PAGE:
The crime of theft is defined in Florida Statute § 812.014 as being when an alleged offender knowingly obtains or uses, or endeavors to obtain or to use the property of another party with the intent to either temporarily or permanently deprive that party of the right to the property, a benefit from the property, or appropriate the property to the use of the alleged offender or a third party.
When the value of the property in these types of cases is less than $300, then an alleged offender can be charged with petit theft (often referred to as “petty theft”).
This charge frequently results from cases involving shoplifting, and petty theft is classified as a misdemeanor offense. However, the possible consequences of a conviction can be quite serious, including the impact of a criminal record.
Widget not in any sidebars
Petit Theft Lawyer in Fort Lauderdale, FL
If you were arrested and charged with shoplifting or retail theft in Florida, you can give yourself the best chance at obtaining the most favorable outcome to your case by having legal counsel.
Meltzer & Bell represents clients in communities all over Broward County, such as Fort Lauderdale, Sunrise, Coconut Creek, Plantation, Pembroke Pines, Miramar, Pompano Beach, and Davie.
Our experienced petit theft attorneys have experience on both sides of the aisle in Florida courtrooms, including time spent specifically as a Broward County Special Unit Felony Prosecutor.
This background gives our firm a unique perspective that enables us to understand the best way to approach these cases, and we can review the charges against your when you call (754) 755-8554 today to schedule a free, confidential consultation.
Broward County Petit Theft Information Center
- How does the value of the allegedly stolen property affect the criminal charges?
- What are the possible punishments if an alleged offender is convicted of this offense?
- How can somebody defend him or herself against these allegations?
Petty theft is classified as a misdemeanor in Florida, but the value of the property that was allegedly stolen and any previous convictions can impact the nature of the charges against an alleged offender.
- Second-Degree Misdemeanor — This is the classification for a first offense of petit theft of the second degree, which involves property valued at less than $100.
- First-Degree Misdemeanor — This can be the classification for a first offense of petit theft of the first degree, which involves property valued at $100 or more, but less than $300. It can also be the classification for any petit theft committed by an alleged offender who has been previously convicted of any theft offense.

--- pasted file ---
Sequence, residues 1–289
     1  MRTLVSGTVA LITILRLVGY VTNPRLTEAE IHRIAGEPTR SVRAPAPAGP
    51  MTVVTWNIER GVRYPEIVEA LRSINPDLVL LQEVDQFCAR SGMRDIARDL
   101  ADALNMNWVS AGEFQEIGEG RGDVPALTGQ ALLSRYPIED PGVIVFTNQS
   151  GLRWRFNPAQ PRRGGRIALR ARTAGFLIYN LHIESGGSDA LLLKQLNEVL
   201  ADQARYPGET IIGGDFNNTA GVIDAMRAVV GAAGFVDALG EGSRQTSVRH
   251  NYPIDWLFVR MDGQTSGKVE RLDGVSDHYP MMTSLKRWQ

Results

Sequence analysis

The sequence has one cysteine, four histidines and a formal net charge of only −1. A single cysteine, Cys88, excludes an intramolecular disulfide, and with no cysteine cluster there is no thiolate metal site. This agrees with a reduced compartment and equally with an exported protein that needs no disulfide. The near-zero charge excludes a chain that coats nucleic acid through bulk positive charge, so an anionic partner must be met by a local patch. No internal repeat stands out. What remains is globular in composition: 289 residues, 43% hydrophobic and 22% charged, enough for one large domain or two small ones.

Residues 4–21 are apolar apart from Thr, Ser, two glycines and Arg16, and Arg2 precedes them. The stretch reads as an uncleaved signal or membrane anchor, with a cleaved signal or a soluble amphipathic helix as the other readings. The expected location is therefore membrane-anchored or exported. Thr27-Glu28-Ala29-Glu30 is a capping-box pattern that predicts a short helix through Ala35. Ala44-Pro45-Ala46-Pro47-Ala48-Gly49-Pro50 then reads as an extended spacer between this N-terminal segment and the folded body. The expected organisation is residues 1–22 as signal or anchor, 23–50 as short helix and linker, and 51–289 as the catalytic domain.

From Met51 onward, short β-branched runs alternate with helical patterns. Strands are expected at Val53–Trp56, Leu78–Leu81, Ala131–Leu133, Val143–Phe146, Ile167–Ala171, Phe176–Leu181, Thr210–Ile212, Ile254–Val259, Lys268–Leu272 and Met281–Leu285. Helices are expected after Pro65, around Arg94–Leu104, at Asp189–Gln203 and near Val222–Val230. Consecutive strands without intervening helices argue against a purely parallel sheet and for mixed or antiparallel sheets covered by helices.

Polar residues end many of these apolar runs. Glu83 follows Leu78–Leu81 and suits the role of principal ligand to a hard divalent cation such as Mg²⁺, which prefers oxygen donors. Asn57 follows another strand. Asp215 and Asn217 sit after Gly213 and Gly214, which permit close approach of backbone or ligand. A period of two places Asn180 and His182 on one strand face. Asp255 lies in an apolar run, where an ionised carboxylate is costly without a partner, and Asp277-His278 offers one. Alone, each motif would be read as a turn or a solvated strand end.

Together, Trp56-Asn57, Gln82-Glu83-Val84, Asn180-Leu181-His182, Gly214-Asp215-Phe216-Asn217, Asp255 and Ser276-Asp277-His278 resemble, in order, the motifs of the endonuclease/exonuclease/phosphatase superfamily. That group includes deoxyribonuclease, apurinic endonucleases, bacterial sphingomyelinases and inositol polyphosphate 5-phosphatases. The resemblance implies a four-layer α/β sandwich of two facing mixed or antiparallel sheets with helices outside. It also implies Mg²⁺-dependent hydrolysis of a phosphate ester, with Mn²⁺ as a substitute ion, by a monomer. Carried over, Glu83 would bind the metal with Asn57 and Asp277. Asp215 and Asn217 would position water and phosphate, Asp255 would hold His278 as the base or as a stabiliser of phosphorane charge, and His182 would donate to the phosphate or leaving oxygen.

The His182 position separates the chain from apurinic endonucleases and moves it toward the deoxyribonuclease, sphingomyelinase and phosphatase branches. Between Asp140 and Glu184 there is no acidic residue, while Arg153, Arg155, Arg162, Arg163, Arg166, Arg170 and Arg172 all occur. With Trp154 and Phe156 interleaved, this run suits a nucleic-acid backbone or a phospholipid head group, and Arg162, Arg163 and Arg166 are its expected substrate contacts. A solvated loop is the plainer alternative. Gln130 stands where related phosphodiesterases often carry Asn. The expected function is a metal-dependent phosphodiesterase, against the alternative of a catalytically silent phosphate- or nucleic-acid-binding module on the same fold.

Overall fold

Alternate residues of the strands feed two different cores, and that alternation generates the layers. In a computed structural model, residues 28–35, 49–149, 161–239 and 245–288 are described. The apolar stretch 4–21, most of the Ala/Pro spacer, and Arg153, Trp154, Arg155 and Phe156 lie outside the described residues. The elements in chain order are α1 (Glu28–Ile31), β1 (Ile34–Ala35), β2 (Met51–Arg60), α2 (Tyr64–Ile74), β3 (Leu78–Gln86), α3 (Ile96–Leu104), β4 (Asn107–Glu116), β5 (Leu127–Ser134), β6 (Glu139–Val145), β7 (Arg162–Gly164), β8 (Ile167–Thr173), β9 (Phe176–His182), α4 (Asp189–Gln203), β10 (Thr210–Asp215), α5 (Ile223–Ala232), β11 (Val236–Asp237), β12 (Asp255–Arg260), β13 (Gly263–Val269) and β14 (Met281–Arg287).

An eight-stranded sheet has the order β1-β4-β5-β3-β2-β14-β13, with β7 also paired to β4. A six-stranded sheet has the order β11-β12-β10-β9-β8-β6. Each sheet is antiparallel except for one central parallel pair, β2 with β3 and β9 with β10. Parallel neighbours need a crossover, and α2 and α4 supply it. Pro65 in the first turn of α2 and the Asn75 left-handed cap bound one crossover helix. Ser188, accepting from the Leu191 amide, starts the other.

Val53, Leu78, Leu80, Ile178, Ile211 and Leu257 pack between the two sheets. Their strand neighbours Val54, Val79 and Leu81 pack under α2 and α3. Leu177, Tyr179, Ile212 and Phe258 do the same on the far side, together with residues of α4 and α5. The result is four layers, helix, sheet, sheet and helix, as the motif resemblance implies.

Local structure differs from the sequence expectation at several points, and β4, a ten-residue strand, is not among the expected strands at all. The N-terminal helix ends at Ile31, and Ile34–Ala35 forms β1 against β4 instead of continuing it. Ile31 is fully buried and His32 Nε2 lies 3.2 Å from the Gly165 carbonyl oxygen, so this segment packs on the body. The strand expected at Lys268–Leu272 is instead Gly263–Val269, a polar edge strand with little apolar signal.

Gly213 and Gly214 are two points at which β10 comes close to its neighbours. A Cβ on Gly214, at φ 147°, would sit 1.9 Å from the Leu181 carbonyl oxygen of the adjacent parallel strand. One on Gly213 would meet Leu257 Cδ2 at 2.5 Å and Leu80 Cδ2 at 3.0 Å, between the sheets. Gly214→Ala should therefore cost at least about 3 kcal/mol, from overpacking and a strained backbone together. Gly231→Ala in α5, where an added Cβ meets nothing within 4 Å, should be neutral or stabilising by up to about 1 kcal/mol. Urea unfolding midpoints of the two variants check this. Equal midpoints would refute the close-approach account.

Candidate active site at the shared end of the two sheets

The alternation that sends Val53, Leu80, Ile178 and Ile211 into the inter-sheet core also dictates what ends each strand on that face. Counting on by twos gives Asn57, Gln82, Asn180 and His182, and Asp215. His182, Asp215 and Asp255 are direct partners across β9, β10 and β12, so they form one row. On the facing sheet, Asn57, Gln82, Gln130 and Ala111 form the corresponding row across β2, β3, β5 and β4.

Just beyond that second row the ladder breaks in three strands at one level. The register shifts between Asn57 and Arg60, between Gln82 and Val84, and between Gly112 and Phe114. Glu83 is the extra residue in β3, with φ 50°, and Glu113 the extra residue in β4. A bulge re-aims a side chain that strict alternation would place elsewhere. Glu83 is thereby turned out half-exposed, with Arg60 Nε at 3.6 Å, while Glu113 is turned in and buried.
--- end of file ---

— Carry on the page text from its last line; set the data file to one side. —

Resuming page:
- Third-Degree Felony — This is the classification for any petit theft committed by an alleged offender who has been previously convicted two or more times of any theft offense.
Many shoplifting cases involve a theft from one of the following businesses:
- a convenience store;
- a gas station;
- a liquor store;
- a supermarket;
- a drug store;
- a hospital; or
An alleged offender faces the following possible sentences of imprisonment and fines if convicted of petty theft in Florida:
- Second-Degree Misdemeanor —Up to 60 days in jail and fines of up to $500
- First-Degree Misdemeanor — Up to one year in jail and fines of up to $1,000
- Third-Degree Felony — Up to five years in prison and fines of up to $5,000
However, in addition to the punishments listed above, an alleged offender is also subject to having his or her driver’s license suspended for six months upon the first conviction and one year for every subsequent conviction. Additionally, a conviction is also denoted on a criminal record, and this can cause several additional complications in regards to an alleged offender’s employment or academic career.
It is not unheard of for innocent people to be charged with petty theft as a result of an honest misunderstanding. Some of the possible defenses in these types of cases may include:
- Misidentification — An alleged offender may be falsely accused of shoplifting as a result of security officials confusing him or her with the actual thief.
- No Criminal Intent — An alleged offender may have left a store’s property to retrieve a wallet or forgotten about a product in his or her shopping cart. There are occasions in which people accidentally leave the premises without realizing they are still in possession of property for which they never paid.
- Lack Of Evidence — Sometimes the party that claims to have had its property stolen has no way of proving the alleged offender ever took the property in question.
- Equal Ownership — In certain cases, an alleged offender may be accused of taking property that he or she has a legitimate ownership claim to.
Find a Petty Theft Lawyer in Broward County
Were you recently arrested for petty theft in Florida? Do not delay in getting yourself legal representation so you can possibly have the charges against you reduced or completely dismissed.
Meltzer & Bell handles these types of cases for clients in the greater Fort Lauderdale area, including Weston, Deerfield Beach, Hollywood, Hallandale Beach, Tamarac, Wilton Manors, Coral Springs, and Margate.
You can have our petit theft attorneys evaluate your own case as soon as you call (754) 755-8554 to arrange a free consultation.
This article was last updated on Friday, October 21, 2016.